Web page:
On Jerusalem Day the Moskowitz Prize will be given to Rabbi Moshe Levinger, one of the pioneers of Jewish settlement in Judea and Samaria (Shomron).
Rabbi Levinger and his wife Miriam were among the founders of the Israeli city of Kiryat Arba and of the renewed Jewish community of Hevron.
Miriam Levinger spoke to Arutz Sheva about her memories of those years. “We were always working on things related to the land of Israel,” she said. “In the beginning with Rabbi Tzvi Yehuda Kook’s guidance, of course.”
“My husband always strove to do things honestly and with self-sacrifice,” she added.
At first, Rabbi Levinger was considered a curiosity, she said. “Today, thank G-d we have the young generation, we see that Zionism brought forth generation after generation.”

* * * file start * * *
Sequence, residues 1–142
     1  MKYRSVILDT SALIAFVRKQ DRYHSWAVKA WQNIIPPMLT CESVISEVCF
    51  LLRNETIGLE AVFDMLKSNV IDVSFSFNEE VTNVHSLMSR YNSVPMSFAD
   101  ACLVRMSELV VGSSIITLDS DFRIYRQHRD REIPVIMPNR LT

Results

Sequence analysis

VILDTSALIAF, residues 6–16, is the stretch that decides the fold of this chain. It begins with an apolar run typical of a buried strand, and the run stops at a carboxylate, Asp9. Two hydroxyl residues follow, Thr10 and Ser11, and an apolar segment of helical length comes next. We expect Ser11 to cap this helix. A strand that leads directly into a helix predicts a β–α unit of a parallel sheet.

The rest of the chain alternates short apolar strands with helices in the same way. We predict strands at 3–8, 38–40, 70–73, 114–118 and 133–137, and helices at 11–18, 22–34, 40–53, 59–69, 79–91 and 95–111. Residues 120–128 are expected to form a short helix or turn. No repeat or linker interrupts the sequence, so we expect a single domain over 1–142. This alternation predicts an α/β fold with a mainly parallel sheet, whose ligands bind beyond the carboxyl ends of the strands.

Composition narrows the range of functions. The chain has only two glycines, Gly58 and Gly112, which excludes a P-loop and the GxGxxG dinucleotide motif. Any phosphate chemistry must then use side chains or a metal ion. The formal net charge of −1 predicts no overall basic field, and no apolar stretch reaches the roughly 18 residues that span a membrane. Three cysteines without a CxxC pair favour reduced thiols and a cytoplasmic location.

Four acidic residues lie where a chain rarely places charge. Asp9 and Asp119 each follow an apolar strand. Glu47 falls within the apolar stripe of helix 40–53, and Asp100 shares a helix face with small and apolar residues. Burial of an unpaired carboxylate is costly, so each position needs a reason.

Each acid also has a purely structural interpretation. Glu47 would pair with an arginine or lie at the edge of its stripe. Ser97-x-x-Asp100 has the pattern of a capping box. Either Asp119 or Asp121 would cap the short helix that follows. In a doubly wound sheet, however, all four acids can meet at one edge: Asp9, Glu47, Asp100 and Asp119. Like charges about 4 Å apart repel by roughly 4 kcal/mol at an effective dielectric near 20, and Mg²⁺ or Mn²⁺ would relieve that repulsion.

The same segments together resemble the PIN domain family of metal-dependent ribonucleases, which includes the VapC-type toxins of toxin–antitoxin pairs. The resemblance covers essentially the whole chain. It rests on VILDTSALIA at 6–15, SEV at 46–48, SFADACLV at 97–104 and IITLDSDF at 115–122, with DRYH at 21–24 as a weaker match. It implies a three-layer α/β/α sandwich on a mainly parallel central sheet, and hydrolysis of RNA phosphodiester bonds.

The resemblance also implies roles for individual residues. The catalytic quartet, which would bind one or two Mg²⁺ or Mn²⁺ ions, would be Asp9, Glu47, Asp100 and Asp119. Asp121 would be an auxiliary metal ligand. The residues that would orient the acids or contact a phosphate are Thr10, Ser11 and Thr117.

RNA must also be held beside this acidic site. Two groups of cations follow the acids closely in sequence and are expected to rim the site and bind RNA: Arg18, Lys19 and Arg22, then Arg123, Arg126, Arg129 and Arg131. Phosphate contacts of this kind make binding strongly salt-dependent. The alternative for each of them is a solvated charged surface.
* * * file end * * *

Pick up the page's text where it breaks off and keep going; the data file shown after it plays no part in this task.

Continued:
“In 1956 we were a tiny, disliked minority, today we see the entire, wonderful young generation. We have great-grandchildren in settlements, and that shows the righteousness of our path,” she said.
The Levingers remain active to this day. “My husband Moshe meets every week with a young people from the Nahala movement who are planning to create ten new outposts soon,” she said.
“We look to the past with satisfaction, and to the future with joy, and we see that it was all worth it. Despite the troubles that were, when you see today’s young generation you understand what a success it was,” she added.
Regarding international criticism of Israeli settlement, she said, “My husband always told the young people that the fact that the nations of the world go wild over every hut that is built shows how important it is.”